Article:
Apple Patent Describes New Camera Flash Redirector System For iPhone

BY Andy

Published 27 Sep 2010

iPhone camera flash redirector

Apple's patent applications are always a great source of information on new technologies that the company could be working on.

In a patent application that was made public recently, Apple has described an extremely innovative camera flash system that could be incorporated in future models of the iPhone.

The application titled "ELECTRONIC DEVICE HAVING A CAMERA FLASH REDIRECTOR" talks about a flash redirector system that will target the LED flash on an iPhone to different areas of a scene instead of the current method where light is focused in one fixed direction. According to the document, this can be achieved in two ways. The first method makes use of a moveable lens with a fixed light source that can be used to target flash in any desired direction. Alternately, the flash system could also be incorporated with multiple light sources that are aimed at different parts of a frame and can be selectively illuminated depending on the requirements.

The patent application also describes two different ways to implement the flash redirector system. In the first method, a manual control system similar to the 'tap to focus' feature on the recent versions of the iPhone is described where users may manually indicate the specific areas of a frame by tapping on the touchscreen. Alternately, Apple also describes an automated feature that makes use of artificial intelligence to selectively light up the several flash light sources according to the intensity of ambient light detected across the several sections of a frame.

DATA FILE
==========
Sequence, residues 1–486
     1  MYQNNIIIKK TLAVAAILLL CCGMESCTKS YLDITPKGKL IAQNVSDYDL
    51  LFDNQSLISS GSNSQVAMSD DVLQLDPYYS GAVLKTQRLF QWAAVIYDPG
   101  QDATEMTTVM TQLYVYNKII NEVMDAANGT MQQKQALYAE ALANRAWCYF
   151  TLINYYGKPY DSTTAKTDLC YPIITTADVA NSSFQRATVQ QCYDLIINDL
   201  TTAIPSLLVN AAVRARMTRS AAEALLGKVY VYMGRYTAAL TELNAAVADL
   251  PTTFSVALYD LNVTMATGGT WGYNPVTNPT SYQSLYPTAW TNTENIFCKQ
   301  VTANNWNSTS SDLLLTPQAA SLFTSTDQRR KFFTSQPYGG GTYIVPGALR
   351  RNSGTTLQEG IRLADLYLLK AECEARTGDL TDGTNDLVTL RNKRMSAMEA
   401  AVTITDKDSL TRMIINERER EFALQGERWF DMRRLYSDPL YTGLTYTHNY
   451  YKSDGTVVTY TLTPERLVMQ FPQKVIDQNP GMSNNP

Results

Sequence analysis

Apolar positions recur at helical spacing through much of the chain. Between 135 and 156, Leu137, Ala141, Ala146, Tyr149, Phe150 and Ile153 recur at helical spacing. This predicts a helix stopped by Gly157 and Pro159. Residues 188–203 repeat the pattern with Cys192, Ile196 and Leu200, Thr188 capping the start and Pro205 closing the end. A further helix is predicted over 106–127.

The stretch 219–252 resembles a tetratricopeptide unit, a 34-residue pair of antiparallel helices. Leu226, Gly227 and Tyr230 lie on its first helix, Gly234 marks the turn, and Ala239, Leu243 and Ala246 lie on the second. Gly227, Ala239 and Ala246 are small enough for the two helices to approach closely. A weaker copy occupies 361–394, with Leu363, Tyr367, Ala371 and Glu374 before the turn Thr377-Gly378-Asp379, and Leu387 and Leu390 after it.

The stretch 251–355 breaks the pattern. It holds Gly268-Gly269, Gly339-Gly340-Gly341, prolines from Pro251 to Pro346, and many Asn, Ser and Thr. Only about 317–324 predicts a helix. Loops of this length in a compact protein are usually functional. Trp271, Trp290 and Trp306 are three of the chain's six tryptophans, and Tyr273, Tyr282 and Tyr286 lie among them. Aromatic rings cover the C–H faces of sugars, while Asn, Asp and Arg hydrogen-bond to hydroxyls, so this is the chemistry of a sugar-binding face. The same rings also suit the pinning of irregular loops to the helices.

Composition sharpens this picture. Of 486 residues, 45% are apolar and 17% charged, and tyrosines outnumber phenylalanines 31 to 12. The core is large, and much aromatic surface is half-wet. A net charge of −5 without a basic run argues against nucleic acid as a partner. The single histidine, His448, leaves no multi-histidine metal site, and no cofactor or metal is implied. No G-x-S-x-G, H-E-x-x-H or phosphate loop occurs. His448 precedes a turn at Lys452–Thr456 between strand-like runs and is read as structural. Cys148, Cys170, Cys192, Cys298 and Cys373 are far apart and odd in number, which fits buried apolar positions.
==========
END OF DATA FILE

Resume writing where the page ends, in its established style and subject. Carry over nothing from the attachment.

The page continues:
iPhone camera flash redirector

The technology, if implemented, may become available for both photos and videos. The inventors have indicated that using the technology for videos may be more efficient on the batteries since they may only target the subject of the image.

The purpose of the patent seems to be to improve the quality of the photos taken in low light conditions.

We are excited about the prospects of such a technology on the iPhone or iPod Touch. Considering that the patent application was filed way back in March 2009, we hope that Apple engineers are already in advance stages of development of introducing this feature in the next version of iOS for the the next generation iDevices.

Do you think we will see this new feature on iPhone 5? Let us know what you think in the comments below.

[via Engadget]